Analytical Chemistry and Pop Culture Collide

Writer Jon Krakauer turns to analytical chemistry to learn the truth behind how his enigmatic subject, Chris McCandless, died.

intothewild9

February 27, 2015

On February 11, Jon Krakauer published a new piece on The New Yorker’s “Page Turner” blog. In it he recounts the latest in a story that he has been telling for a quarter of a century. In 1992, Christopher McCandless, the subject of Into the Wild, Krakauer’s seminal work of investigative nonfiction, died in the Alaskan wilderness at the age of twenty-four. The book spurred a debate over whether McCandless died from starvation, brought on by his own hubris and ill preparation, or whether he was inadvertently poisoned by the seeds of a wild plant once thought to be harmless.* The search for a resolution has become a near-obsession for Krakauer, his fans (myself among them), and McCandless’s admirers and detractors alike.

Analytical chemistry has finally provided an answer that seems poised to end the debate. In the “Page Turner” post, Krakauer details the work that he carried out with a team of analytical chemists from Avomeen Analytical Services and Indiana University of Pennsylvania to determine the toxic component of seeds McCandless was known to have consumed, if any. That work has now been published in an article in this month’s issue of the peer-reviewed journal Wilderness and Environmental Medicine.

Krakauer and the scientists confirmed that the seeds of the plant, Hedysarum alpinum or the wild potato, contain a large amount of L-canavanine, an amino acid that is known to be toxic to large mammals including monkeys and cattle and that has suspected toxicity in humans. To do so they used an expensive and modern but nevertheless routine analytical technique called liquid chromatography tandem mass spectrometry (LC-MS/MS). These results also confirm those of a long forgotten paper from 1960 that suggested the seeds likely contain L-canavanine.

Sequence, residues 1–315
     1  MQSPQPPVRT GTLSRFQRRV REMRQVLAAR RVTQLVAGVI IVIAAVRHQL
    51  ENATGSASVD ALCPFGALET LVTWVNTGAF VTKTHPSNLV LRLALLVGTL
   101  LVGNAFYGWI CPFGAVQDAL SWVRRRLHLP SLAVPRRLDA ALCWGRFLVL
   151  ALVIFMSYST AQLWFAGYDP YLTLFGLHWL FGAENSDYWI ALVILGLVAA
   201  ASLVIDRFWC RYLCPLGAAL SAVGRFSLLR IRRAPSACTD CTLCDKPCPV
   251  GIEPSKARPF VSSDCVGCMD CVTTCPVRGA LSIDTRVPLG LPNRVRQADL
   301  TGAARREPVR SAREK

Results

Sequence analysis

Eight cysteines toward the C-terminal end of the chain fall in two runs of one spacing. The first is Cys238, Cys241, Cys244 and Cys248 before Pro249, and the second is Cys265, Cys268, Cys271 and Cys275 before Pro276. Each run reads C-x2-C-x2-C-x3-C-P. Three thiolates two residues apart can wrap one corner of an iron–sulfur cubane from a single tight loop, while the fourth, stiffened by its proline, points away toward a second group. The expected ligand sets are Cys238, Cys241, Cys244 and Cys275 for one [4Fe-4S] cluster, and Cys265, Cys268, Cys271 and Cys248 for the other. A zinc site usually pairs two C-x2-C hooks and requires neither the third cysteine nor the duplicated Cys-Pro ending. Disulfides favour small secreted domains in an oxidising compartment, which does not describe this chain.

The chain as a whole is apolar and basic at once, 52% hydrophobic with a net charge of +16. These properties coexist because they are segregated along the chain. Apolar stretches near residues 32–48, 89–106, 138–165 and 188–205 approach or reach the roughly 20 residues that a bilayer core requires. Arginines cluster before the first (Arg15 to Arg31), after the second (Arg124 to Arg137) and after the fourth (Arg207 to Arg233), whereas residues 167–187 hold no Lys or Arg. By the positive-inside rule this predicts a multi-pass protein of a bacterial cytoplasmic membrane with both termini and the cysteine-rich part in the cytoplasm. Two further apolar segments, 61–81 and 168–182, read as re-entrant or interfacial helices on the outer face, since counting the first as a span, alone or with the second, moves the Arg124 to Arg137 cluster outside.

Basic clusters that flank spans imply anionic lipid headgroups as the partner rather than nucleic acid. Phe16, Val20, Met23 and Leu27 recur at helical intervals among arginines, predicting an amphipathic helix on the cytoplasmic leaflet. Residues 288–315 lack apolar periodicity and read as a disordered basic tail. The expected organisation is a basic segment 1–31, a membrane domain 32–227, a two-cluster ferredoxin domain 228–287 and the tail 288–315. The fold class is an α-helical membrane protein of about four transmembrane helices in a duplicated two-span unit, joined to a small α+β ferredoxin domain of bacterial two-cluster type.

It is rare to find an instance where highly technical research tools like LC-MS/MS find their way into a discussion in the popular press. It is to Krakauer’s credit that he did not shy away from it in order to tell the whole story, which now seems to be at its end. Wild potato seeds were a major part of McCandless’s diet in the month before his death, and he himself implicated them in his rapid deterioration in one of his haunting final journal entries. Their newly re-discovered toxicity not only serves as a warning to other would-be adventurers, but also as a tacit defense of Krakauer’s choice of McCandless as a subject and of McCandless’s choice to live life off the grid.

From:

J. Krakauer, Y. Long, A. Kolbert, S. Thanedar, and J. Southard; Presence of L-Canavanine in Hedysarum alpinum Seeds and Its Potential Role in the Death of Chris McCandless,” Wilderness and Environmental Medicine, 2015, 26 (1), 36–42; doi: http://dx.doi.org/10.1016/j.wem.2014.08.014

and

J. Krakauer; “How Chris McCandless Died: An Update,” newyorker.com/page-turner

*Krakauer sums up the controversy in the “Page Turner” post, so I won’t recount it here.

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